18 June 2018 marked a special day in the history of humanity. 50 km away from Udaipur lies a small town called Menar which is famous for bird watching. Recently, the place has observed high degrees of temperatures which are drying out the small ponds and lakes in the village of Menar.
Due to the same, the fish in the area are dying under the scorching sun.
“This drying out of ponds shall directly affect the birds here”, says a local. “As the birds feed on fish present in the ponds, and if all the fish die because of drying ponds the birds will also suffer”, he added.
The locals here call themselves “Pakshi Mitra” or Friends of Birds.
The villagers pooled in money to get water tankers to fill up the drying ponds. Watching the efforts of the villagers a lot of people from the nearby area came up to help the dying fish. Up till now, 20 water tankers have been used to fill the ponds.
Also, the forest department has taken measures identifying the fragility of the situation. They shifted some of the struggling fish to a nearby pond named Brahma Sagar, which has a greater level of water. As per the forest department, almost 3 quintals (in weight) of Carp Fish has been relocated.
The College of Fisheries at Maharana Pratap University for Agriculture and Technology helped the forest department in shifting the fish.
The nature lovers of Udaipur have done a very commendable job!
Who doesn’t love birds with their multi-hued feathers and different forms of the body flying high in the azure sky, perched on branches of trees, swimming effortlessly on the still water of the lakes or driving into the water in search of their prey? The sight of these beautiful avians, one of God’s most attractive gifts to man, always gladdens one’s mind and soul.
Well-known all over the world is the glorious cultural and historic past of Mewar. The intricate sculpture and fascinating folk traditions of the region are unique. In addition to all this, 24 important bird areas in the states, there are six in Udaipur viz Jaisamand lake and sanctuary Phulwari Ki Naal and Sajjangarh sanctuary Sei Dam, Udaipur lakes and Baghdara crocodile park. There are four more such regions in the neighboring districts namely Kumbhalgarh sanctuary, Sita Mata sanctuary, Mount Abu sanctuary and Serari Dam. Thus, South Rajasthan can boast of ten important bird areas. To all these, two more Todgarh-Raoli and Bassi can be added that is home to a huge variety of water and other kinds of bird. No less than 242 bird species have been sighted in Udaipur region.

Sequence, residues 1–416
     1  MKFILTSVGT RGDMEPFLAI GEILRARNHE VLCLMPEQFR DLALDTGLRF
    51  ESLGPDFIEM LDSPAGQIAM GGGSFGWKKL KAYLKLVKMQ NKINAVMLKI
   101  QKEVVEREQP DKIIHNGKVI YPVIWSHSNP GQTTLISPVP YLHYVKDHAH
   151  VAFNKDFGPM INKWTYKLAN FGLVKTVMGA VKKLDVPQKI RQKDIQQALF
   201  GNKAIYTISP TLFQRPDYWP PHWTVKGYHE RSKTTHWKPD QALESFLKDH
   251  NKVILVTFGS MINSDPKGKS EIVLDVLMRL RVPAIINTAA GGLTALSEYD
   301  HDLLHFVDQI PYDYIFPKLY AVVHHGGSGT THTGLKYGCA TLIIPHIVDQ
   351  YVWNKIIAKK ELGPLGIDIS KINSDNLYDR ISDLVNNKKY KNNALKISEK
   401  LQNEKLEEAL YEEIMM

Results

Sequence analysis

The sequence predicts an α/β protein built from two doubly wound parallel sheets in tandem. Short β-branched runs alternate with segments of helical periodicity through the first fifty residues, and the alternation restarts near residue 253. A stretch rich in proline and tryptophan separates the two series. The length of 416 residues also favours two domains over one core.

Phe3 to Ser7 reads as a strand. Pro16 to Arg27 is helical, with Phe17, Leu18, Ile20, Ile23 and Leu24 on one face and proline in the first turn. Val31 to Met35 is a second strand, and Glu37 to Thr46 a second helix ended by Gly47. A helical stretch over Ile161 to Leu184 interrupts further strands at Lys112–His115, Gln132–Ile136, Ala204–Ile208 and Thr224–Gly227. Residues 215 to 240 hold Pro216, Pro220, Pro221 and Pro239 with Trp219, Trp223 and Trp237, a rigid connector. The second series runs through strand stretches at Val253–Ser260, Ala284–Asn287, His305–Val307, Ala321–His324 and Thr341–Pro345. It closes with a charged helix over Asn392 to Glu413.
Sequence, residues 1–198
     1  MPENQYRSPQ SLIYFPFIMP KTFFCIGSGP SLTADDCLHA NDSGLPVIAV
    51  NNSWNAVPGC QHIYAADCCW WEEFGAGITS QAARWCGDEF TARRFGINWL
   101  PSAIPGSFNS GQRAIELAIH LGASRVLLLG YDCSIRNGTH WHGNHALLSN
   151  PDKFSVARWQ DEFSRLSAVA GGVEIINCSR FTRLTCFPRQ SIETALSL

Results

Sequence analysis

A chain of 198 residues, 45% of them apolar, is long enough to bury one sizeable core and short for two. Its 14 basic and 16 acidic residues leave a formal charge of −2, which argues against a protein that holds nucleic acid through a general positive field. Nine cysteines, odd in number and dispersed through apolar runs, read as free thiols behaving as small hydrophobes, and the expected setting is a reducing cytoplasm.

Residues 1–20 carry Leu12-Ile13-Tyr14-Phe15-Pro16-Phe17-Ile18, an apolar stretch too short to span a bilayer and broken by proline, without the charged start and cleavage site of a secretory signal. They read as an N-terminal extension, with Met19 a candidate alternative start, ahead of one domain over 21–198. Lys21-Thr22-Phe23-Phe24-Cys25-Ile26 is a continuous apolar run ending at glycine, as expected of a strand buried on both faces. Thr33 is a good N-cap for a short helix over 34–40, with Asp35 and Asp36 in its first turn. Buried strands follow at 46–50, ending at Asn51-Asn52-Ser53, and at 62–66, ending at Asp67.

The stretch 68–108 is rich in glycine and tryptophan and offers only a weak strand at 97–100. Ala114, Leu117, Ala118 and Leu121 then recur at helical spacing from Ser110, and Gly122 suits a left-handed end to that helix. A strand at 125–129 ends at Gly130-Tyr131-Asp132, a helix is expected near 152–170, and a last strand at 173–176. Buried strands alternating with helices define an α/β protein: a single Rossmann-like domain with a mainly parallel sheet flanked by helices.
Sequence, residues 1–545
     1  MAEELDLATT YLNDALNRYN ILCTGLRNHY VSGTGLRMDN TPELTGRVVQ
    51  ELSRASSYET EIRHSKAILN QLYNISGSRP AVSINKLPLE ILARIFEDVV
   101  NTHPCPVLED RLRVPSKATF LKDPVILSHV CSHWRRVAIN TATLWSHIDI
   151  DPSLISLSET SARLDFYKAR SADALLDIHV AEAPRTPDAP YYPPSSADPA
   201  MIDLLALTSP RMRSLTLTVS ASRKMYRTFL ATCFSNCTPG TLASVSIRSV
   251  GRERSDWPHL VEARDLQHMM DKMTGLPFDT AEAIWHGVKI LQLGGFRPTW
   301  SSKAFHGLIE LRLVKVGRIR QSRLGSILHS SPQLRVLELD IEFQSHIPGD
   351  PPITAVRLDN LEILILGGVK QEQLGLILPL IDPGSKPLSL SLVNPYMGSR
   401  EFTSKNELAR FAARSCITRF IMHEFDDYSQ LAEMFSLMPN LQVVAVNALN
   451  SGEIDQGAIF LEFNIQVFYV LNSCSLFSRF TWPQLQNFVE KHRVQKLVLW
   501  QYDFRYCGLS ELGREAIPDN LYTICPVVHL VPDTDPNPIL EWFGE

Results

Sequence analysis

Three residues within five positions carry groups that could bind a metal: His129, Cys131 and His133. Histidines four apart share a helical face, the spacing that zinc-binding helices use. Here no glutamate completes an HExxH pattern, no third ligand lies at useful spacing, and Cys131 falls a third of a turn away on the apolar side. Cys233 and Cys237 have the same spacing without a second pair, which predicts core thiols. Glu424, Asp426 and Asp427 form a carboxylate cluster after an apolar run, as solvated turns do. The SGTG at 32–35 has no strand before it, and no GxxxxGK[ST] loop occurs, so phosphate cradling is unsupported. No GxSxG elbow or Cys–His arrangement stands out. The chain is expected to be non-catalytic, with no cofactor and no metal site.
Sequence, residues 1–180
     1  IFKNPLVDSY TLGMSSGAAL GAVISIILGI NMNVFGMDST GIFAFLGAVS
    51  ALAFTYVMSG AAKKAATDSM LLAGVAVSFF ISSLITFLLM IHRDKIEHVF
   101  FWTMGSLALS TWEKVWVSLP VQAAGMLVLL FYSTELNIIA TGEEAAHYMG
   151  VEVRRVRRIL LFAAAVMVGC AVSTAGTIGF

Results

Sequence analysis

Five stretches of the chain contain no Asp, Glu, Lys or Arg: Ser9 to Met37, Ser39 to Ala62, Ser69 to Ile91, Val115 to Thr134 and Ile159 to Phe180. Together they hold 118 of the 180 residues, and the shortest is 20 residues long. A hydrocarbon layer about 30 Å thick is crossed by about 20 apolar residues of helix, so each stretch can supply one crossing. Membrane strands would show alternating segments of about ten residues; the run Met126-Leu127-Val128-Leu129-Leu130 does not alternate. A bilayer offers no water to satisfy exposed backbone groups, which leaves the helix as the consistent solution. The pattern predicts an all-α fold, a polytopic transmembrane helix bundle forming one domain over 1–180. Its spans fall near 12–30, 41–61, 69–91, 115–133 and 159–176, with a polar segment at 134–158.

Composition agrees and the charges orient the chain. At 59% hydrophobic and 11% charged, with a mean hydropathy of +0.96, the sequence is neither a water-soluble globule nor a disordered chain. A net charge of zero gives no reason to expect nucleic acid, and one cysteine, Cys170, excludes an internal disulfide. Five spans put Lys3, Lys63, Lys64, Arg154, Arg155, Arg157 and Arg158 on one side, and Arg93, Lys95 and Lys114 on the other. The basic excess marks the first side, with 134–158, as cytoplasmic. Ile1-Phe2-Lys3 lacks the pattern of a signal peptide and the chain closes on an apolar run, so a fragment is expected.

Out of them, about 102 species are water birds and the remaining ones belong to the categories that live on earth and trees. About 150 species of migratory birds visit the lakes of Udaipur and neighboring area during the winter season. The district has its own identity as the sight of a large number birds of different species and wild animals can be seen easily. When in the months of October November as winter sets in, the number suddenly goes up.
Udaipurites who are lucky enough to be able to watch a good number of migratory birds in the winter season are often curious to know why the birds leave their country and come all the way to distant India. From the European countries and North Asian that become extremely cold during winter, they fly thousands of km away. At home, on the surface of winter bodies, there is snow, as also on the ground. The result is that the insects and the fishes that the birds feed on, either die or hibernate till the end of the winter season. In the absence of easy availability of food the birds fly long distance and migrate to countries that are warm, where lakes do not freeze and there is ample supply of food. In countries like India at that time summer season is just over and monsoon sets in. The lakes are almost full and there is greenery all around. So, food is available in plenty. Migratory birds live and lay eggs in Europe and Russia during summer, experts tell us. As the days are long they get enough time to hatch their eggs. Food is also available in good quantity, so the chicks grow faster.
How these migratory birds passing through narrow passages make their way without being hindered by obstacles?
In the case of animals, when they move forward, they feel that objects that are near them seem to come close to them faster than those which are far. Similarly, birds ensure that the pictures of objects on their both sides are in keeping with their speed and then they feel secure.